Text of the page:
This book does a splendid job in detailing the first submarine war. What I found remarkable was the achievement of Lothar von Arnauld de la Perière, the top U-boat ace of the war, who was credited with sinking 194 Allied ships. (Most of the sinkings were achieved with the 8.8cm deck gun that de la Perière used in surface actions.)
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5.0 von 5 Sternen Great overview 5. August 2009
Von Douglas E. Libert - Veröffentlicht auf
Format:Gebundene Ausgabe
You can see from reading this book why the Germans placed so much faith in the Uboat. Their navy was so far behind the British and the submarine was a "catch up" weapon to be used until they could build up a navy to compete with Great Britain. Unfortunately,and it is well shown in the book,the submarine even before Sonar had alot of limitations.The Uboat was also seen as an "unfair" type weapon one that would be classified today as somewhat terrorist.The Germans initially hoped the sub could take out English Warships but very early on it was shown that British anti-submarine warfare made it very dangerous for a sub to take on a warship. Although there were a few instances of a British or American warship going down to a sub,there was not enough instances to make the sub a tactical weapon.
So, according to Grays' book, German Uboats evolve into being used as a strategic weapon by disrupting shipping commerce and sinking not warships but unarmed commerce ships.This German strategic use of Uboats(which the allies also use against Germany)! opens up a whole "can of worms" in regard to international business relations and "war crimes" violations.Germanys' use of Uboats is what eventually dragged the United States into WW1. Later how can the allies prosecute the Germans for war crimes when both sides are targeting civilian shipping?
Early on in WW1,the British developed the hydrophone and depth charges to locate and destroy Uboats. The development of convoys and escorts to protect merchant ships also made submarining a risky business. I was surprised throughout the book at how many submarines the Germans had on patrol and how many of them the British were able to destroy, despite the complete absence of electronic detection devices.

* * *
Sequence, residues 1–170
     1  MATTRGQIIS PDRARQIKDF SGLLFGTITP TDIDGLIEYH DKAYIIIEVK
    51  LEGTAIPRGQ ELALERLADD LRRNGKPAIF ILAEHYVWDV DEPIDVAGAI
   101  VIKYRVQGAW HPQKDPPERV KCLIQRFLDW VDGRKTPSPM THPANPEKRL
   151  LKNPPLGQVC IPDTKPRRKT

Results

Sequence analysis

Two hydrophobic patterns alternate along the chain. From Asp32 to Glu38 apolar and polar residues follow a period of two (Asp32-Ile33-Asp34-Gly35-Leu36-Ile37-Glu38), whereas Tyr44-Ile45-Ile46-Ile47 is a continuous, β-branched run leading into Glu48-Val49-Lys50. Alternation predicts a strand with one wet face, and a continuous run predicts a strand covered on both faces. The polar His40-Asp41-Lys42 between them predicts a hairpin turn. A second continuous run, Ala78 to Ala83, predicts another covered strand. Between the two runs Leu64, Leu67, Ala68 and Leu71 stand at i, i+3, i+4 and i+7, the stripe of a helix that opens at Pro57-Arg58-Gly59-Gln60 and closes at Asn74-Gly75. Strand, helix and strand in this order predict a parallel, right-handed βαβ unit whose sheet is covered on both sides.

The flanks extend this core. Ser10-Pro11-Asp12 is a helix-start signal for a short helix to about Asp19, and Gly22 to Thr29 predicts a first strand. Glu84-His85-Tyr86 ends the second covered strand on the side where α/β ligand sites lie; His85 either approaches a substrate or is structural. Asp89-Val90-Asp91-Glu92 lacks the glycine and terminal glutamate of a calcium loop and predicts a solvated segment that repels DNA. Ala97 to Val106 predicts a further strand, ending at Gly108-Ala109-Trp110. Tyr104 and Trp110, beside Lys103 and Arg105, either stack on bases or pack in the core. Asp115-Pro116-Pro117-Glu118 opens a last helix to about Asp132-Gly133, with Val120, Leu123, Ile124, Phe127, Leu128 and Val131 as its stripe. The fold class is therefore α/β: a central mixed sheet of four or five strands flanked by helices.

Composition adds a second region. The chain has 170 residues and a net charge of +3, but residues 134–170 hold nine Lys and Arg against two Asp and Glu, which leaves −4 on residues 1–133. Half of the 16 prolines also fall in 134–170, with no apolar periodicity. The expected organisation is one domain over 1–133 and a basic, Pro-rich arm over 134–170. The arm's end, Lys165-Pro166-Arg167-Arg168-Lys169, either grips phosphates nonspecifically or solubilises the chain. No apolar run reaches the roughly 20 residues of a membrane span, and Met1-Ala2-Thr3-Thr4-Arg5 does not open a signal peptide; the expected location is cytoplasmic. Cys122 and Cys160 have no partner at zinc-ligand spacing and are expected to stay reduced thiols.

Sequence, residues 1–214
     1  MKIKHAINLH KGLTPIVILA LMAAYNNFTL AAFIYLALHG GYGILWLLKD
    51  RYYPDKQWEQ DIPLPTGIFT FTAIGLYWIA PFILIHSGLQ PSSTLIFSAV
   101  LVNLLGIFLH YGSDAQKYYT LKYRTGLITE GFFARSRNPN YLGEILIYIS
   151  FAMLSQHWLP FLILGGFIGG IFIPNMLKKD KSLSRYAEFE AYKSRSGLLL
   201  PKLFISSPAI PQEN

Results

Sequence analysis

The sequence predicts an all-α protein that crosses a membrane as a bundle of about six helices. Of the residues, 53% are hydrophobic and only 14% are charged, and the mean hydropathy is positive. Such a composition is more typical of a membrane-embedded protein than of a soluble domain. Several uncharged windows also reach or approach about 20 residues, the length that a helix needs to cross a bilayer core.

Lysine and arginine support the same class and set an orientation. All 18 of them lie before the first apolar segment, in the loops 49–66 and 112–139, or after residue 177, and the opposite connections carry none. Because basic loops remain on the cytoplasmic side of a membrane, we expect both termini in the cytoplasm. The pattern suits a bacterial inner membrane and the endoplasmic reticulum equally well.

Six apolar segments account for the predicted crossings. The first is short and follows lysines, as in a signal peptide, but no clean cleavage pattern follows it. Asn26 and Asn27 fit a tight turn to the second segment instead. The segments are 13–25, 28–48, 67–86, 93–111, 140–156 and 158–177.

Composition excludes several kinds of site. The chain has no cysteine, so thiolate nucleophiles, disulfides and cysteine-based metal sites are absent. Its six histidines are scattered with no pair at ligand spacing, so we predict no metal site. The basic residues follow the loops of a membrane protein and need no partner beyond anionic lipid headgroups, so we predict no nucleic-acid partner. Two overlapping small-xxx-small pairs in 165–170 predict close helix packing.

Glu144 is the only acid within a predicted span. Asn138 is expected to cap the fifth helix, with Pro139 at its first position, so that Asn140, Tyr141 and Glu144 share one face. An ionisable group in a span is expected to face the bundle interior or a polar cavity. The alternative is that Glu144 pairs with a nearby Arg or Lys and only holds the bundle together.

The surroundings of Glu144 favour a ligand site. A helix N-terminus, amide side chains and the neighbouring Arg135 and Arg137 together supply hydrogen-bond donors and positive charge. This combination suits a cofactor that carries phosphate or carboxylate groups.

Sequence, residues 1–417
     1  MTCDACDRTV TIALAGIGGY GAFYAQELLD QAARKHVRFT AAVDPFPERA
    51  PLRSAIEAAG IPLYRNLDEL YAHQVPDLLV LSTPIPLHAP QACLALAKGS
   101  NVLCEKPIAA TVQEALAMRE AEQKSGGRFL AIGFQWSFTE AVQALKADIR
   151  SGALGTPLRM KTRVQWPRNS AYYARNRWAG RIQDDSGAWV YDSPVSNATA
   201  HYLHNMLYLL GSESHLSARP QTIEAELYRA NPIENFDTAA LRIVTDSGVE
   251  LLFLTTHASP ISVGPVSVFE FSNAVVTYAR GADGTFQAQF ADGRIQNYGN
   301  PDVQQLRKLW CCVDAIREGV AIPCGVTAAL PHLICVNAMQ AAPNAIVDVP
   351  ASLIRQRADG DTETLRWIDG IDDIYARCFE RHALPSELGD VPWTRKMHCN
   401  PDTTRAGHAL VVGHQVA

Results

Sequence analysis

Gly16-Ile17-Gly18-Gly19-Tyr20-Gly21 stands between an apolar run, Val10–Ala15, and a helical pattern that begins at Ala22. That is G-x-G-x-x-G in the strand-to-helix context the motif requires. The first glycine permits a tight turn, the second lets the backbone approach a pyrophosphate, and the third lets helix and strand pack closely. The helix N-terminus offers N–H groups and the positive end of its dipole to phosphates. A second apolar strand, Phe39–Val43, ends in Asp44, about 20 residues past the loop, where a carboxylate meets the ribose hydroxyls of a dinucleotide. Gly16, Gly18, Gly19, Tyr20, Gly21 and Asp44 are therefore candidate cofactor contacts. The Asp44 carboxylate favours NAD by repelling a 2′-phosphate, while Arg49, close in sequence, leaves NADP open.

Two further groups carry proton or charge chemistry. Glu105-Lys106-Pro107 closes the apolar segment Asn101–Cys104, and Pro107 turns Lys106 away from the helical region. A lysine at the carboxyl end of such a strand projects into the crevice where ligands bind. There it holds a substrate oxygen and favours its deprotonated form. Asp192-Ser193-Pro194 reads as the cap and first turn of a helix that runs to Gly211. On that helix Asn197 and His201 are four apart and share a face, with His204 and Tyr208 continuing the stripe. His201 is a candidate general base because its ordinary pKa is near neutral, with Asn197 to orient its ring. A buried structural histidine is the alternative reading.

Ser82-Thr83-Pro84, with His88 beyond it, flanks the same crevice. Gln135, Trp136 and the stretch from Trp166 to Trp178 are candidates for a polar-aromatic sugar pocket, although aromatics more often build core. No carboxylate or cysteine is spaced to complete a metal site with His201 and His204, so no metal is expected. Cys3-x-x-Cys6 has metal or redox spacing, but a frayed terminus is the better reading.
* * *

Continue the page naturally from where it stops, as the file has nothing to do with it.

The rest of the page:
By the time WW2 comes on,the German Navy is completely unprepared once again,mainly due to the Versailles Treaty restrictions, and goes back to their old standard "catch up" weapon,the submarine.This time however the British have been investing in research on RADAR and SONAR,which up the risk factors for the Uboats.Also the use of carrier and shore based aircraft make the Uboat considerably more vulnerable.The Germans never had much of a carrier program or sea planes and this likewise would hurt them in WW2.The Versailles Traety once again the main cause for Hitlers' rise is also the main reason for the German defeat.The German navy is not prepared for the war,really not even close to competing with Britain.
If the Germans had been as capable of electronic developments as the British had been,who knows how the Battle of the Atlantic would have faired.Especially when"unrestricted submarine warfare" is released on the world by Germany a second time.The British however were always able to figure out a new way to defeat the Uboats despite a setback or two.But from a read of this book it was awfully tense and too close for comfort a number of times.There is little description of the types,classes,technological evolution of the numerous types of German Uboats in the book and not a whole lot of pictures or maps. But: this book is a great picture of what the Uboat war of WW1 was all about. The book was previously entitled the "Killing Time",I guess because Uboating although risky in WW1,was still whole worlds less risky than in WW2.